With the increasing number of Filipinos foraying into the world of eCommerce and starting their own business at this time of uncertainty, it’s essential that they operate within the law to avoid unnecessary headaches. If you are one of these entrepreneurs, you have to register your business properly.
Luckily, the Securities and Exchange Commission (SEC) now eases the process of doing business and created a new juridical entity under the newly-passed amended Corporation Code.
In this post, you’ll learn about the newest type of corporation, and how you can fully benefit from it so you can successfully kickstart your venture.
- What is an OPC
- Difference between OPC and Single Proprietorship
- Registration requirements
- How to register
- What to do after
What is a One Person Corporation (OPC)
A One Person Corporation (OPC) is a corporation with a single stockholder who can be a natural person, trust, or estate. It offers the full control of a sole proprietorship and the limited liability of a corporation.
Unlike a regular corporation that has a need for at least four other incorporators or the existence of a board of directors, OPCs need only a single stockholder—i.e. the owner who will act as the president and sole director of the company.
The removal of this requirement is a game-changer.
Before, the OPC used to be limited to religious corporations wherein the chief archbishop or presiding elder of the religious organization can apply.
Now, entrepreneurs no longer need to find dummy incorporators if they want to register a corporation.
There is also no minimum authorized capital stock required unless otherwise provided by a special law. Also, unless otherwise required by applicable laws or regulations, no portion of the authorized capital of a One Person Corporation is required to be paid-up at the time of incorporation. More on this below.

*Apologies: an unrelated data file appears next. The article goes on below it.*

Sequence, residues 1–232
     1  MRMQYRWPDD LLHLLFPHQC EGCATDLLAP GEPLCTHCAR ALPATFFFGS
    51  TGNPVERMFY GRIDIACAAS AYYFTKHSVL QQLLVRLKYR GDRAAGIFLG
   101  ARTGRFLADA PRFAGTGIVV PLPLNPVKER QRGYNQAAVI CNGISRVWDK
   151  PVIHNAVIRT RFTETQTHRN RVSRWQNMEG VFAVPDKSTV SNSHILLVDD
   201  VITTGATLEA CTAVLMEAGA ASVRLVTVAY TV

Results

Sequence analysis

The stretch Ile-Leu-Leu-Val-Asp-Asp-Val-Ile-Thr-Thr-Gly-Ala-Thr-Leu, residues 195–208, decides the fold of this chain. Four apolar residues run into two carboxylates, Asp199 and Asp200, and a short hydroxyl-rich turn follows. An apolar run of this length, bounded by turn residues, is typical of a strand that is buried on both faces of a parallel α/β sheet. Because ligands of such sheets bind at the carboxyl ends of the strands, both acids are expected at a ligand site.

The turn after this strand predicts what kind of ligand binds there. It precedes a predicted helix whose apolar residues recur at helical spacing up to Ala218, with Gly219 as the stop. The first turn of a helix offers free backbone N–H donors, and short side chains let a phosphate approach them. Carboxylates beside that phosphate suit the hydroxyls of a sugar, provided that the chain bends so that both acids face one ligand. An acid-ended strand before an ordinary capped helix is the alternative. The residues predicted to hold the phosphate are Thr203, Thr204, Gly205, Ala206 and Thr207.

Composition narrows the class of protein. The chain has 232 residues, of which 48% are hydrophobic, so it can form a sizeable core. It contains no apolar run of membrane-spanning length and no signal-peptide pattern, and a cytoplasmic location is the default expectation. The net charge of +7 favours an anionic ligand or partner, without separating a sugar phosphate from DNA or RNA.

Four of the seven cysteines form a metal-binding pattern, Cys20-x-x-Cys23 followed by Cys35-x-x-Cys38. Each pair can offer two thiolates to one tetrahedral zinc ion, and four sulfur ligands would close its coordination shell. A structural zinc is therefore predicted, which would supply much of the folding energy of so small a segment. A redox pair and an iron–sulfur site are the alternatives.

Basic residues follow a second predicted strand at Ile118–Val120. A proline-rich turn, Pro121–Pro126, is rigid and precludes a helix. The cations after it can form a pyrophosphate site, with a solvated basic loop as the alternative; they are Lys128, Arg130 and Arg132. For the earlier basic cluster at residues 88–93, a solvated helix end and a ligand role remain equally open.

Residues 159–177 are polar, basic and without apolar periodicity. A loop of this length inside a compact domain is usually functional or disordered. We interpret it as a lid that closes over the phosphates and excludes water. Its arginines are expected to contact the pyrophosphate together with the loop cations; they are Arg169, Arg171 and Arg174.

Don’t forget—OPCs are also corporations, which means they have a fixed income tax rate of 30%. But we’ll talk about taxes some other time.
Regardless, these changes are better. The Corporation Code of the Philippines has recently been repealed by the Revised Corporation Code or the Republic Act 11232 in 2019. The former Corporation Code was untouched for almost 40 years, and the Revised Corporation Code lightens the registration process and makes it easier for Filipinos to pursue their entrepreneurial aspirations. This also aims to support micro, small, and medium enterprises (MSMEs) which makes up 99.6% of all registered businesses in the Philippines.
What is the difference between an OPC and a Sole Proprietorship
The One Person Corporation and Sole Proprietorship may sound similar but they have unique provisions, exceptions, and structure that only applies to each one. For example, an OPC allows a single person to run a company limited by shares while a Sole Proprietorship defines the owners and the business as a single entity.
Watch this video by SKY Law.
Before the approval of the Revised Corporation Code, entrepreneurs have to get four other incorporators to meet the five-person requirement. Their only two options are to register as a sole proprietorship or find dummy incorporators.
While being registered as a sole proprietor is the simplest form of business, it also entails the highest risk to the owner as there is no distinction between the owner and the business.
For example, if a sole proprietor’s business goes under debt or bankruptcy and they don’t have money to pay, the creditor can go after the owner’s personal assets (house, car, etc.). On the other hand, OPC’s personal assets are treated separately from the owner. That means creditors can only go after the assets of the company.
Below you’ll find a table of the major differences between the two business types:
|One Person Corporation||Sole Proprietorship|
|Definition||The Revised Corporation Code defines the OPC as a corporation with a single stockholder: a natural person, trust, or estate. |
Juan Dela Cruz OPC is different from Juan Dela Cruz
|Not a legal entity but it refers to a person who owns and is accountable for a business. |
Juan Dela Cruz is the same as Juan Dela Cruz Enterprises
|Name||The company will have the suffix “OPC” at the end.||It can be a fictitious name or the name of the individual since it isn’t a separate entity.|
|Tax||Fixed income tax rate of 30%.||Treated as individuals when taxed meaning their applicable rates would vary depending on their gross sales or income.|